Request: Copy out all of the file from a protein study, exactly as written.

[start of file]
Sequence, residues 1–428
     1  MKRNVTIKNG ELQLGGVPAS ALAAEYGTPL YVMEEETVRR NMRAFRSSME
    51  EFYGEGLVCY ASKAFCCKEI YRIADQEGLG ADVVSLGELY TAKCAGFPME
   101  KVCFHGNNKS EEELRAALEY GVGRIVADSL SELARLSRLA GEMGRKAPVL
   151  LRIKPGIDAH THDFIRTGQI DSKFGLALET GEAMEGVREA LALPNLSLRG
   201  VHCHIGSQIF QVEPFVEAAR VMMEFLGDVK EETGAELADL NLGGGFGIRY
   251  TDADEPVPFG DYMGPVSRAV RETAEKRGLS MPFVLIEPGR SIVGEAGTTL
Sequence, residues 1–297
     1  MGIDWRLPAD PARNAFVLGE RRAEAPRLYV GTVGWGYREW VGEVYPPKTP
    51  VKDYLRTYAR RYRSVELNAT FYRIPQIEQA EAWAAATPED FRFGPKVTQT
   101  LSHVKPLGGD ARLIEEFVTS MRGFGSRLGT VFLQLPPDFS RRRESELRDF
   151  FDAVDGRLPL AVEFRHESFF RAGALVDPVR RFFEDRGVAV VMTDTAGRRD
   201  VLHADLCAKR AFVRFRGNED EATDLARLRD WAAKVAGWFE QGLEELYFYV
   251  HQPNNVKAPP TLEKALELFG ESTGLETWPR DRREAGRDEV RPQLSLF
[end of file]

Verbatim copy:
Sequence, residues 1–428
     1  MKRNVTIKNG ELQLGGVPAS ALAAEYGTPL YVMEEETVRR NMRAFRSSME
    51  EFYGEGLVCY ASKAFCCKEI YRIADQEGLG ADVVSLGELY TAKCAGFPME
   101  KVCFHGNNKS EEELRAALEY GVGRIVADSL SELARLSRLA GEMGRKAPVL
   151  LRIKPGIDAH THDFIRTGQI DSKFGLALET GEAMEGVREA LALPNLSLRG
   201  VHCHIGSQIF QVEPFVEAAR VMMEFLGDVK EETGAELADL NLGGGFGIRY
   251  TDADEPVPFG DYMGPVSRAV RETAEKRGLS MPFVLIEPGR SIVGEAGTTL
Sequence, residues 1–297
     1  MGIDWRLPAD PARNAFVLGE RRAEAPRLYV GTVGWGYREW VGEVYPPKTP
    51  VKDYLRTYAR RYRSVELNAT FYRIPQIEQA EAWAAATPED FRFGPKVTQT
   101  LSHVKPLGGD ARLIEEFVTS MRGFGSRLGT VFLQLPPDFS RRRESELRDF
   151  FDAVDGRLPL AVEFRHESFF RAGALVDPVR RFFEDRGVAV VMTDTAGRRD
   201  VLHADLCAKR AFVRFRGNED EATDLARLRD WAAKVAGWFE QGLEELYFYV
   251  HQPNNVKAPP TLEKALELFG ESTGLETWPR DRREAGRDEV RPQLSLF